A contract rights issue is brewing as regulators and insurers develop annuity standards for the Interstate Insurance Products Regulation Commission (see May 20 posting.) The issue could advance this coming week if an annuity subgroup passes up standards for variable and non-variable annuities with guaranteed living benefits. The IIPRC parent committee would then take up the issue and conceivably it could be fully adopted during the summer meeting of the National Association of Insurance Commissioners.
So, stay tuned. Life insurers argue that there is a distinction between individual investors and institutional investors and that if institutional investors are allowed to buy these contracts, or more specifically, these contracts with the GLBs, they will profit off of the arbitrage of different pricing.
Some regulators and members of the Life Insurance Settlement Association, Orlando, Fla., are arguing that there needs to be a healthy secondary market. The argument sounds similar to an argument made during the development of life settlement models at the National Association of Insurance Commissioners, Kansas City, Mo., and the National Conference of Insurance Legislators, Troy, N.Y.
A couple of interesting arguments are being made. Among them is the argument by interested party Brian Staples of Right LLC, Versailles, Ky., that if the product is a variable product, then the producer has a fiduciary responsibility to advise the client on account provisions, benefits and potential hazards of investing in this product . One of the potential hazards he says is not being able to sell these products or riders attached to it to those in the secondary market.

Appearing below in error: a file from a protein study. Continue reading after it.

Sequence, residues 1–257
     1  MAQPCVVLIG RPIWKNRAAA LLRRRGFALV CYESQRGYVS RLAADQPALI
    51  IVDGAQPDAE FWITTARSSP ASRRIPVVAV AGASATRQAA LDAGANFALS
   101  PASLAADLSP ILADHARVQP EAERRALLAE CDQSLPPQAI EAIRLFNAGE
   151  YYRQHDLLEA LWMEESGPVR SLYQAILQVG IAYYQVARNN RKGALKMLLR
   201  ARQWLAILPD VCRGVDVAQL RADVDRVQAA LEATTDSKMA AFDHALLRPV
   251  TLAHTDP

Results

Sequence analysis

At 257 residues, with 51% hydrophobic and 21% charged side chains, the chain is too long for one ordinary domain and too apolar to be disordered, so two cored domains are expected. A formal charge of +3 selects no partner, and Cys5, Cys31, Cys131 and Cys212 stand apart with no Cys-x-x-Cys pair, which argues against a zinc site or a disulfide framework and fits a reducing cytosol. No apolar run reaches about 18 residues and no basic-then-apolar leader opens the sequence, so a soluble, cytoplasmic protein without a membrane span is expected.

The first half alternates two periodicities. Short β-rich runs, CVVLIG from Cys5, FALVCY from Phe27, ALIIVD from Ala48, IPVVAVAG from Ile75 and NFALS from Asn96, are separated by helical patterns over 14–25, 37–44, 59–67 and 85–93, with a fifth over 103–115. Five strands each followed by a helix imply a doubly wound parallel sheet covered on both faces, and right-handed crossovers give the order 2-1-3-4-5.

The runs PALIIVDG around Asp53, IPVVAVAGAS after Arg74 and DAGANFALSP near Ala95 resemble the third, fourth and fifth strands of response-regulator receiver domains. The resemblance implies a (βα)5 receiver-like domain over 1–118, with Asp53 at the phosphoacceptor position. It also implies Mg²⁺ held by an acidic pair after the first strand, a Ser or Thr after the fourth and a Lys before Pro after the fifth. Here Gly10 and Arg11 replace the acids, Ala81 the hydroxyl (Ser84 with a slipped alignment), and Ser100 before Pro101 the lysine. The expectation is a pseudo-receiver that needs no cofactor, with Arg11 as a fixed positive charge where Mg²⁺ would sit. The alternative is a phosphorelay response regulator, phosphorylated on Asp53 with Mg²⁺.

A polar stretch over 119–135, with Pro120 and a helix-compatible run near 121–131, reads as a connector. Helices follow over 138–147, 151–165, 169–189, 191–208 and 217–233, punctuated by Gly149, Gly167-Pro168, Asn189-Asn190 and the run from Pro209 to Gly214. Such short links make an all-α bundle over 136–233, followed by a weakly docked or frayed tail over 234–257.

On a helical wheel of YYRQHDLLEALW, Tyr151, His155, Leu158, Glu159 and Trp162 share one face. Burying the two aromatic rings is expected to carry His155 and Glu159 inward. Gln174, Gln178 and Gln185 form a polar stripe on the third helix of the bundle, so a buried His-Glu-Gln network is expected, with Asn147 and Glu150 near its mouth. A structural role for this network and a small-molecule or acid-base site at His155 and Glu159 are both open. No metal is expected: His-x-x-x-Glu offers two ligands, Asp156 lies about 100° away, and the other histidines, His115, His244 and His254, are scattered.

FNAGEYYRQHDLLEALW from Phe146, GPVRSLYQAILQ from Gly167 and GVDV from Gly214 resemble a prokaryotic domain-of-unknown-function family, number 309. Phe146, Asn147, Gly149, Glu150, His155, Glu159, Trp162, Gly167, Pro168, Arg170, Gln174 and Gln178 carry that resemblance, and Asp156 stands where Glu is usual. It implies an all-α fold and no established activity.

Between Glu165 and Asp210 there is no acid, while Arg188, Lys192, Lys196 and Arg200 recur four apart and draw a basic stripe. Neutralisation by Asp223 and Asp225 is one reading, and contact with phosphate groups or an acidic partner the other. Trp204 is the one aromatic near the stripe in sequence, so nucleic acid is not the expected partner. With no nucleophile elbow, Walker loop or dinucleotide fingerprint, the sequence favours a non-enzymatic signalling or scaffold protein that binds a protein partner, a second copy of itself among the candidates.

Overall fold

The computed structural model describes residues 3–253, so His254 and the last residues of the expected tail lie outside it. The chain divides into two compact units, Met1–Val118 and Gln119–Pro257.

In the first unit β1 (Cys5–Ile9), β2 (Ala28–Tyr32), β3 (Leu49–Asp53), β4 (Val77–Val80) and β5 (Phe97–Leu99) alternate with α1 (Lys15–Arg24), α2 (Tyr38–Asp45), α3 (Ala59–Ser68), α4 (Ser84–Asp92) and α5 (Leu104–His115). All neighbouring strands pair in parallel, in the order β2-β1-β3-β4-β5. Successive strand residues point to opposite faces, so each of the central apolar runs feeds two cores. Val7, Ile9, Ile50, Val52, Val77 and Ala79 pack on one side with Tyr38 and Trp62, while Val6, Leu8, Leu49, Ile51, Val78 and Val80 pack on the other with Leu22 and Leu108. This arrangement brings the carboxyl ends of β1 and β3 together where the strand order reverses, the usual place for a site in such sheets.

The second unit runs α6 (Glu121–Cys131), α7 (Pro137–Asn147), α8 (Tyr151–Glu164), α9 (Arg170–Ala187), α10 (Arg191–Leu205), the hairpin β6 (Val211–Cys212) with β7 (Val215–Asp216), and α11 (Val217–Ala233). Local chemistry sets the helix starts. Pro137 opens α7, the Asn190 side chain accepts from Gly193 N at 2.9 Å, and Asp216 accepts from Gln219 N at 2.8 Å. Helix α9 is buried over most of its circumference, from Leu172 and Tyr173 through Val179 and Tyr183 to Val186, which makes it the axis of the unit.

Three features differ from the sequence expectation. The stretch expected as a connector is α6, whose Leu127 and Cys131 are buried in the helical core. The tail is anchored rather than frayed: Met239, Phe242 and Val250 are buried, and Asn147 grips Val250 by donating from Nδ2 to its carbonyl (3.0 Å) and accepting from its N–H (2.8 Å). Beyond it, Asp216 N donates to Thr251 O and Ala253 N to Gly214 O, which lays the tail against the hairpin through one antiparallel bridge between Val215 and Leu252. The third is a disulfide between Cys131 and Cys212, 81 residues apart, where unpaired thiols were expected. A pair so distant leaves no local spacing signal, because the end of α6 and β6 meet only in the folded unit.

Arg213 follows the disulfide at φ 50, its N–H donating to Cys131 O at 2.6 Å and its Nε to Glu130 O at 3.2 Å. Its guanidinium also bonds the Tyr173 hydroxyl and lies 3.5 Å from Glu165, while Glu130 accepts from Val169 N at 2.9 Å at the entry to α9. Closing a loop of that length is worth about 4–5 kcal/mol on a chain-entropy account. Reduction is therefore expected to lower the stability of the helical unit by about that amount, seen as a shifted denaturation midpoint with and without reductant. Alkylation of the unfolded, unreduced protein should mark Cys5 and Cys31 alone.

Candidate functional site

Regardless of the outcome, it is important to remember that states have the right to opt out of any standard that they don’t agree with. So, states may say ‘no way, we’re not going to do anything that may even be perceived to violate an owner’s right.
That possibility raises still another issue: how uniform will treatment the right to sell GLBs actually be if some states say ‘yes’ and others, ‘no’ on the issue.